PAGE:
Bill guaranteeing religious freedom in Israel narrowly passes Knesset
A bill guaranteeing religious freedom and separating Israel's religion and state narrowly passed a preliminary reading in the Knesset yesterday by a vote of 37 to 34. "The freedom of religion, belief and conscience of every person is guaranteed," says the proposed bill. "No person can be forced to belong to a religion, a religious community or a religious [group] of any kind. Freedom of religious practice and the preservation of individual or public religious beliefs are protected." The bill proposes a "Basic Law," which are similar to U.S. constitutional law (it's the closest thing to an Israeli "Bill of Rights"). Religious and Likud members of the Knesset opposed the bill. Apparently it's a long road ahead: The Jerusalem Post barely took notice. A similar bill was apparently introduced in 1998.

Israeli government may close down Bethlehem on Christmas Eve
First Bethlehem officials said Christmas celebrations were cancelled. Then they backtracked. Now Bethlehem officials may not have much of a say at all. Israeli Prime Minister Ehud Barak may declare the city of Jesus' birth a closed military area on Christmas Eve—effectively barring any pilgrims and other worshipers from entering. It's said to be a reprisal for Palestinian attacks on Gilo, an outer Jerusalem suburb built on land annexed by Israel after the 1967 war.

AT&T's Christian investors say "not so fast" to porn deal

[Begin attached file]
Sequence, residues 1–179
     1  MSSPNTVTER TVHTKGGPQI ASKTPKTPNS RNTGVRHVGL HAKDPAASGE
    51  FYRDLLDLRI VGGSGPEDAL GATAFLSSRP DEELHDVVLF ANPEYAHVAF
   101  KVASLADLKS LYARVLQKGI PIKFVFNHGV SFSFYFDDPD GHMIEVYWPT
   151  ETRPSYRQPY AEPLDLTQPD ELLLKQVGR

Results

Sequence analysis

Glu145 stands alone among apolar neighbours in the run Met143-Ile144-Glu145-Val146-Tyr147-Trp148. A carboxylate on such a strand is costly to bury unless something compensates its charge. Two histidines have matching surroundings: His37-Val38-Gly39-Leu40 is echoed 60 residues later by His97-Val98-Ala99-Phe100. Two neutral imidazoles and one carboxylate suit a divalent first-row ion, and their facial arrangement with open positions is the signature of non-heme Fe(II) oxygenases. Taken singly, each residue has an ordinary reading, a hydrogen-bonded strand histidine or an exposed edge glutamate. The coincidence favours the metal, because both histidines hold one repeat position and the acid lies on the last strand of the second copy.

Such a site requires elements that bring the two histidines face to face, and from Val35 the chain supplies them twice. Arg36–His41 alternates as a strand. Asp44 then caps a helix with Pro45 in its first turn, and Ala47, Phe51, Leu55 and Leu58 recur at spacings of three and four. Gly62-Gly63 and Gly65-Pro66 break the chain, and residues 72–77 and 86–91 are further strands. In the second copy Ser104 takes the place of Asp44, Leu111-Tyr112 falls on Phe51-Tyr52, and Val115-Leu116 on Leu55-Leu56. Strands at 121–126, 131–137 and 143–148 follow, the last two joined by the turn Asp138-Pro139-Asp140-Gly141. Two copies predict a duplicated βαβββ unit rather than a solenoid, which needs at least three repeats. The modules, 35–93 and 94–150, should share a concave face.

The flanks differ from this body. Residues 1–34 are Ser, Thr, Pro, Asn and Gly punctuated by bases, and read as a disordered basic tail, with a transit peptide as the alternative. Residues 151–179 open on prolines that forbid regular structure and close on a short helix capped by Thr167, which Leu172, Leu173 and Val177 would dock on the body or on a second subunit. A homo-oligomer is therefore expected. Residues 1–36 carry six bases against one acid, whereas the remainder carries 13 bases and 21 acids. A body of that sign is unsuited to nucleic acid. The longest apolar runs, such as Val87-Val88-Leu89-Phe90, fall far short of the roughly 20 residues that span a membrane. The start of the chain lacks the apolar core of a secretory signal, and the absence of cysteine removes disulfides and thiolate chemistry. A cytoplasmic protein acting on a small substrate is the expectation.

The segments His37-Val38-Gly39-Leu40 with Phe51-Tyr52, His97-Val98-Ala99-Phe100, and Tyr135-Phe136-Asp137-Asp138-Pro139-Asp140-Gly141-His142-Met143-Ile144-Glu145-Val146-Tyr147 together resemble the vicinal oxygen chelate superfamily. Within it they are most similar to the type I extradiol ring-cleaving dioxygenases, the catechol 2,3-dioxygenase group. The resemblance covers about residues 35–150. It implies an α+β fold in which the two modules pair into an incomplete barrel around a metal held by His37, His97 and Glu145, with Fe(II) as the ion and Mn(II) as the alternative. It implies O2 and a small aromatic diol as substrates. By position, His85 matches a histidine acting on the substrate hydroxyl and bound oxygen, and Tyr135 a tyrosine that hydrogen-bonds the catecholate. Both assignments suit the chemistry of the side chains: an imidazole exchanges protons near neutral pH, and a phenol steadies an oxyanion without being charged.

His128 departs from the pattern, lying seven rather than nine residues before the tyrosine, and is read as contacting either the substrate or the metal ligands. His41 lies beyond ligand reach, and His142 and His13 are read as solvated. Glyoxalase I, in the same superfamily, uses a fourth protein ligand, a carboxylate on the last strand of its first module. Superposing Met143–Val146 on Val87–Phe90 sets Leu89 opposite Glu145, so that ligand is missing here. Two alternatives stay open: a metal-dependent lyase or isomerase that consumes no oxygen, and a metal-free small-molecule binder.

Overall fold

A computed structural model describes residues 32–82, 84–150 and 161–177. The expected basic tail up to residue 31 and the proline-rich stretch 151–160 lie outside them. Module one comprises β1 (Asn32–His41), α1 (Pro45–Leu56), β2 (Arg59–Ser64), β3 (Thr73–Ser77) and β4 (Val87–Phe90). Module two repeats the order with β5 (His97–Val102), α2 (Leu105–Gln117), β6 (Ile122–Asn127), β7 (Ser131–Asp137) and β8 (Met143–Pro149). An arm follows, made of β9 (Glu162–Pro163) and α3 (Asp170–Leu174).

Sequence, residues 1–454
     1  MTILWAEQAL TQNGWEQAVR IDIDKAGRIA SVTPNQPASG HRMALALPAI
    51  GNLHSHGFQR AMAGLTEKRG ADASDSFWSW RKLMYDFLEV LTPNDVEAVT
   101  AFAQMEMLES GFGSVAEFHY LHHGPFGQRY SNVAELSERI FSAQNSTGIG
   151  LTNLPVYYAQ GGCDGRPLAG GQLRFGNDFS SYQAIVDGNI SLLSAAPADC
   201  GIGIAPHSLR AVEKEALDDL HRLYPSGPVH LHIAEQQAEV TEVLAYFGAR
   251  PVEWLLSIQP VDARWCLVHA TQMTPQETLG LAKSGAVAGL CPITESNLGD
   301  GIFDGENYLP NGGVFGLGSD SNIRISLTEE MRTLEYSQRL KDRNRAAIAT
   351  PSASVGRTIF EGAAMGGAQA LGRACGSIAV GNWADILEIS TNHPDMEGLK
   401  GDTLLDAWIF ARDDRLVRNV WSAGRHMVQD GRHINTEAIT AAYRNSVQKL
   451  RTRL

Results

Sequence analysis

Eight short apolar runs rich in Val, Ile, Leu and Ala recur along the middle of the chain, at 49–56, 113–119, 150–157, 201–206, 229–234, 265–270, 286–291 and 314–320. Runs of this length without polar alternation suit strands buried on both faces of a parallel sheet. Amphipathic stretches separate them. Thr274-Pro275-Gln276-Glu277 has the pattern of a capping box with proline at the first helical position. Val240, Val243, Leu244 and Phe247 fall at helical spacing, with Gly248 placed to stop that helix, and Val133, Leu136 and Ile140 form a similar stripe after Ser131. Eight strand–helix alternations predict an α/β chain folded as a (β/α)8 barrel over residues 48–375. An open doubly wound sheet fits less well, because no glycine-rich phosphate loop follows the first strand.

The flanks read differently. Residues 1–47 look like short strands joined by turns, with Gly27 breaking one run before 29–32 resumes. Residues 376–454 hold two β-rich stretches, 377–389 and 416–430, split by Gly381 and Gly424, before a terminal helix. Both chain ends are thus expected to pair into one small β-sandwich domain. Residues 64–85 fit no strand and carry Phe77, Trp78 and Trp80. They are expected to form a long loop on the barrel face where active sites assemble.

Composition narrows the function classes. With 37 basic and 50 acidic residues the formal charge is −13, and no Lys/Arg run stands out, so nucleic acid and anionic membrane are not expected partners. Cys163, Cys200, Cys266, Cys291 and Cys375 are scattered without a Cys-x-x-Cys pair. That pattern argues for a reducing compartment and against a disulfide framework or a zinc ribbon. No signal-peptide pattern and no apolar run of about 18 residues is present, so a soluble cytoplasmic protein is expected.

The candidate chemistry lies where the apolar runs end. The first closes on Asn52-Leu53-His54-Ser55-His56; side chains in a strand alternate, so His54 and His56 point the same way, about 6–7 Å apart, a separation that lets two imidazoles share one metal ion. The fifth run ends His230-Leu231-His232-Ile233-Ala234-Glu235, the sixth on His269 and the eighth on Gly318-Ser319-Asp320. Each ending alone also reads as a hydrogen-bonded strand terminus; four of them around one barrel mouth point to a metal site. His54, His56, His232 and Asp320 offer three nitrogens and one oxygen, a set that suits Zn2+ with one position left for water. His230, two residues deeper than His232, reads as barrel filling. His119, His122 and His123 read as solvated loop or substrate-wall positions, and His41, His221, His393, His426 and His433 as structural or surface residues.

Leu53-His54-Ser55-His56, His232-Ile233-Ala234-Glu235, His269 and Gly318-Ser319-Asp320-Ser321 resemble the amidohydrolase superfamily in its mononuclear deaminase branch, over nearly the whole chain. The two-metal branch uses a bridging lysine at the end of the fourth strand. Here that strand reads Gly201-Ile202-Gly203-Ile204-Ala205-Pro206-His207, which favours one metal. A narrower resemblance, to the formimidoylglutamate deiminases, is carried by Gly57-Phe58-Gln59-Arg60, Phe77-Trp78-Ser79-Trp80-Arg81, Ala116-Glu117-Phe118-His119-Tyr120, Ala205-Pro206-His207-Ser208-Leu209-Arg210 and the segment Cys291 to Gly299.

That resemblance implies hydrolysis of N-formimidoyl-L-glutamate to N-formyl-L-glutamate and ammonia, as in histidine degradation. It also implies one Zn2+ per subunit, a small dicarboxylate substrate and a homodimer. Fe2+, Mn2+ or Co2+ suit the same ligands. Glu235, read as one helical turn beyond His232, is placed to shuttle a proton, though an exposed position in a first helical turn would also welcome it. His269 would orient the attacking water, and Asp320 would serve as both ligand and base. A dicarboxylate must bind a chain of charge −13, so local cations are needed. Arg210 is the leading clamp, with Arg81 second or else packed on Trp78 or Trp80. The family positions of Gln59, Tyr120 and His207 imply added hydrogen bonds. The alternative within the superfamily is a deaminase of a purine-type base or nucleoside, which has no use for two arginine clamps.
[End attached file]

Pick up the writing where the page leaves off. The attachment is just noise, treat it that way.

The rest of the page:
A group of eight religious institutional investors, led by Mennonite Mutual Aid, have filed a proxy resolution with AT&T asking the company "to provide a report on a variety of factors related to AT&T's growing involvement in the pornography industry that have a serious and material bearing on the Company's financial success and corporate reputation." The investors found particularly "discouraging and concerning" AT&T's recent deal with a hardcore pornographic cable channel called the Hot Network, though AT&T also owns a company that sells sex videos to hotel rooms. Together, the investors—which include Mennonite Mutual Aid (MMA) Praxis Mutual Funds, the General Board of Pensions and Health Benefits of the United Methodist Church, Christian Brothers Investment Services, Sisters of Saint Joseph (of Chestnut Hill, Philadelphia), the Benedictine Sisters of San Antonio, Church of the Brethren Benefit Trust, Catholic Health East, and the Reformed Church in America—own more than 1.6 million shares. That should make AT&T stand up and take notice. (See the group's letter to AT&T, press release, and a bit of U.K. coverage.)

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